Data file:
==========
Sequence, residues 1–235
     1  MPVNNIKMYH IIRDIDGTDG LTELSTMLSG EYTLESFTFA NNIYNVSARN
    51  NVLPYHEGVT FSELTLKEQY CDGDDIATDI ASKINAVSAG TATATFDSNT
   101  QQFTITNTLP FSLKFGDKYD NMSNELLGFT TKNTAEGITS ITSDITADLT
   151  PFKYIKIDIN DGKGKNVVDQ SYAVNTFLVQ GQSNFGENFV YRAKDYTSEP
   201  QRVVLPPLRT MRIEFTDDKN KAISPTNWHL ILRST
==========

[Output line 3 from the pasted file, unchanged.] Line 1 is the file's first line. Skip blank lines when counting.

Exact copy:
    51  NVLPYHEGVT FSELTLKEQY CDGDDIATDI ASKINAVSAG TATATFDSNT